How to Better Handle Writing Deadlines

The writing process is a creative process, for the most part, and when it comes to having too much freedom to work with, sometimes time is not of the essence. Do this often enough and you might just develop a habit of writing as and when your muse visits you. This, however, isn’t how it works when it comes to meeting a client’s deadline.

We all love to work with professionals and if you want to be a pro writer, you too need to exhibit the professionalism required of you. Missing deadlines is the best and easiest way to convince them that you might not be taking things as seriously as they’d like you to.

Also note that your deadline is probably just one of a string of deadlines our client has to make sure is on time. If your writing causes a delay, the domino effect will ensure that everyone else’s deadlines will be sorely affected as well. Don’t be the bad guy; be the professional writer with these few simple steps.

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1. Get and stay organized

Perhaps the biggest secret to achieving deadlines is being organized. Being organized helps projects flow smoothly and progress quickly. The organized writer is ready to start quickly and dive into the work without stopping to find something important to work.

Part of being organized is knowing where everything is e.g., the calendar, the files, the memos and reminders, the equipment, etc.

organized schedule

The other part is to have a process or system set up to answer your most immediate requests, e.g., when I write, I have a dictionary and a thesaurus ready and open in tabs.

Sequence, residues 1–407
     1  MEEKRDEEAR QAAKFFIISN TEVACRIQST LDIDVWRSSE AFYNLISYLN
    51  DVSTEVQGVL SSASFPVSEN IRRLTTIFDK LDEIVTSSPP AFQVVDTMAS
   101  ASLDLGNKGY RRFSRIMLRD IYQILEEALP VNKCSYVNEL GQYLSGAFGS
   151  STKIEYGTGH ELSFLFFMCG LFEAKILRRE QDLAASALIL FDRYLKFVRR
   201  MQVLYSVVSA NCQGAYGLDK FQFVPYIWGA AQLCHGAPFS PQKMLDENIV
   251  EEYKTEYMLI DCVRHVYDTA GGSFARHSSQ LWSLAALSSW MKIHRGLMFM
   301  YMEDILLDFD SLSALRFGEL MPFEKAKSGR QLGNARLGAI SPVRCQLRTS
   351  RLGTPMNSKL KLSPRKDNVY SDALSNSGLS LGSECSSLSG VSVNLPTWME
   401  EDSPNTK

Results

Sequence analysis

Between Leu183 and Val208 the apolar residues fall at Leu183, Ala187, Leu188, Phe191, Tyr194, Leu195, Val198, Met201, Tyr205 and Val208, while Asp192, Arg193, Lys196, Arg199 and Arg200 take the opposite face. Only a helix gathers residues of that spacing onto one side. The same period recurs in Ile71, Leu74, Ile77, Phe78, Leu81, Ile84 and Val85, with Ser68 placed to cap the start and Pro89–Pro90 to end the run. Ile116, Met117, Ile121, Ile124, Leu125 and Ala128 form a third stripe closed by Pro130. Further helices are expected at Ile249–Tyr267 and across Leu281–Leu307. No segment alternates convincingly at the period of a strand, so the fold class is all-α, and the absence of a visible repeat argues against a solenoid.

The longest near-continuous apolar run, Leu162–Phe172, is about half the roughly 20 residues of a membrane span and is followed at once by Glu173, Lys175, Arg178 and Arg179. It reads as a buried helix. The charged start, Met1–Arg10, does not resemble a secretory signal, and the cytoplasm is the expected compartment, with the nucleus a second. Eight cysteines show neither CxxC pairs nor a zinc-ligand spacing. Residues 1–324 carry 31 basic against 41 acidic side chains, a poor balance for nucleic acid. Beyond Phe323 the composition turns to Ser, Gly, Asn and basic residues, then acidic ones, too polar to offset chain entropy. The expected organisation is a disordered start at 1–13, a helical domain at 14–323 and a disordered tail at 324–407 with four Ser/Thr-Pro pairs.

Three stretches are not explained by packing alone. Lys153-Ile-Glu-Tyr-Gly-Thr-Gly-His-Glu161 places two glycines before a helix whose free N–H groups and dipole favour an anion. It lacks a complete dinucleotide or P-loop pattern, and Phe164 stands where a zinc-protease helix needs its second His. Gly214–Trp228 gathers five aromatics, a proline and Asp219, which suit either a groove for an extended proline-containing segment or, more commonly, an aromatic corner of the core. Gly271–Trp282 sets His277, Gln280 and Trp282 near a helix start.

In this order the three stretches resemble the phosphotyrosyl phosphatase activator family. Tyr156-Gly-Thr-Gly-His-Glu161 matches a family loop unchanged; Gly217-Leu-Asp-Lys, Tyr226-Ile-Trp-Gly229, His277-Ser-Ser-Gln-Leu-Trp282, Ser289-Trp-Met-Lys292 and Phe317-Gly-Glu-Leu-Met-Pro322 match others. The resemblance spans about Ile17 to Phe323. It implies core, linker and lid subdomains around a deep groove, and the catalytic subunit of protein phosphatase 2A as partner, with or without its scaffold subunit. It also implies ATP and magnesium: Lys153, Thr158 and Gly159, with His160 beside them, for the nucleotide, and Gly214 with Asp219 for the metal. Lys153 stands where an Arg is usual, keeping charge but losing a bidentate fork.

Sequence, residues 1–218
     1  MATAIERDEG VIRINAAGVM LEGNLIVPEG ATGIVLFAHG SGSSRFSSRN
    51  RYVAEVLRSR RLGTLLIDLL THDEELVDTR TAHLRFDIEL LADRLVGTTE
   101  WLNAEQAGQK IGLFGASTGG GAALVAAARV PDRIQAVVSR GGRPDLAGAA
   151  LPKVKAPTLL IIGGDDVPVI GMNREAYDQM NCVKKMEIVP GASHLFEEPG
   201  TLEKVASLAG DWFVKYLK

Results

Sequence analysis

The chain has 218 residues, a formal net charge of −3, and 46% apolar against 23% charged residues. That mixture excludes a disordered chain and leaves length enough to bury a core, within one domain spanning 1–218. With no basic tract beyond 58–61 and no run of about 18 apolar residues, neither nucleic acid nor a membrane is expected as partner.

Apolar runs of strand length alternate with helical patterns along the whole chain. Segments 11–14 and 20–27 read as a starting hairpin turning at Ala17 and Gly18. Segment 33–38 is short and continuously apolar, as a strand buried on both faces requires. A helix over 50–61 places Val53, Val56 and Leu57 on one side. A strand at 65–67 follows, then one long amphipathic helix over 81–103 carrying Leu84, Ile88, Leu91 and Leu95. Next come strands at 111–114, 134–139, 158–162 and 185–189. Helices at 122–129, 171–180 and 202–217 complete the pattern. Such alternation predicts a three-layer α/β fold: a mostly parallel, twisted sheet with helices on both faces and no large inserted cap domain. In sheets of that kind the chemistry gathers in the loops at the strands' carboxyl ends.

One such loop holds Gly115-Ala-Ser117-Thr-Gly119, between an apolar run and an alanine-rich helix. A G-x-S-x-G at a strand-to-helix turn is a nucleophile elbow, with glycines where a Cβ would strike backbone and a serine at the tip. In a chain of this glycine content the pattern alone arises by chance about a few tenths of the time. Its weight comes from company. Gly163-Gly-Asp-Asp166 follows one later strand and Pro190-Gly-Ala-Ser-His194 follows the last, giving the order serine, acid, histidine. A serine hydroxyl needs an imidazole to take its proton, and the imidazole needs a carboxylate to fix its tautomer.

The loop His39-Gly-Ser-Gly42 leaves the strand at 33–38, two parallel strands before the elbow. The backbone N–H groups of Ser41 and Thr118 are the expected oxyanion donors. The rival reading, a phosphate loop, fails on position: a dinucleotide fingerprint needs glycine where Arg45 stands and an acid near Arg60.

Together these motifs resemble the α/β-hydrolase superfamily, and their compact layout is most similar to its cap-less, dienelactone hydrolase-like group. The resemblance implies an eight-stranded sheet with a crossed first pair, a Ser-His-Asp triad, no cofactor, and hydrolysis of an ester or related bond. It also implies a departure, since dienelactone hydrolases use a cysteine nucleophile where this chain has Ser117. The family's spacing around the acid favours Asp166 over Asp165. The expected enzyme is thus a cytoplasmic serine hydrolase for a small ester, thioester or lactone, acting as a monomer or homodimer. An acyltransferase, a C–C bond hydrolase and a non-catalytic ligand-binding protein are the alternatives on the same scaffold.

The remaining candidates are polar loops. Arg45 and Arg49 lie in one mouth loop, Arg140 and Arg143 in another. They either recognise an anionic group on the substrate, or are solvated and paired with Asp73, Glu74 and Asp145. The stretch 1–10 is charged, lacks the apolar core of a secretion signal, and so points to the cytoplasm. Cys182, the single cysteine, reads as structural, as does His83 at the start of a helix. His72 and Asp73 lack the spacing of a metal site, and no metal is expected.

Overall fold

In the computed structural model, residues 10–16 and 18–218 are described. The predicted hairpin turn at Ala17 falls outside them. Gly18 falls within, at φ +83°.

Everything you need (even a quick, energizing snack or drink) should be within arm’s reach to prevent you from becoming distracted on an unnecessary break (disclaimer: I still need to grab toilet breaks).

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2. Check your writing speed limits

Those who have ever been on a swim team in school know that the speed from which you leave the starting block is half the race. Just as the title, opening sentence, first paragraph, and first subtitle are the most important part of a post or article, your first efforts in a writing project will often dictate the pace of the rest of the project.

However, each writer works at their personal pace, and for some, content and speed mix like they are oil and water. If you are fine with sprinting, a good start is half a race won, but if you are like me, a marathon runner, not a sprinter, then you should know when to reject a project with a ridiculous deadline.

3. Eliminate distractions

Aside from answering nature’s call, all other forms of distractions can be detrimental to the writing process. Thus, before you begin your important project, eliminate all of the minor distractions that always crop up during a deadline race.


Image source: Vecteezy

Inform your family that you are only to be disturbed during dire emergencies that involve spurting blood or the dead rising (flesh-eating zombies count). Put your phone on silent, disable your notifications, hold all incoming mail, lock yourself away from the rest of the family – you get the idea.

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4. Develop a system that works for you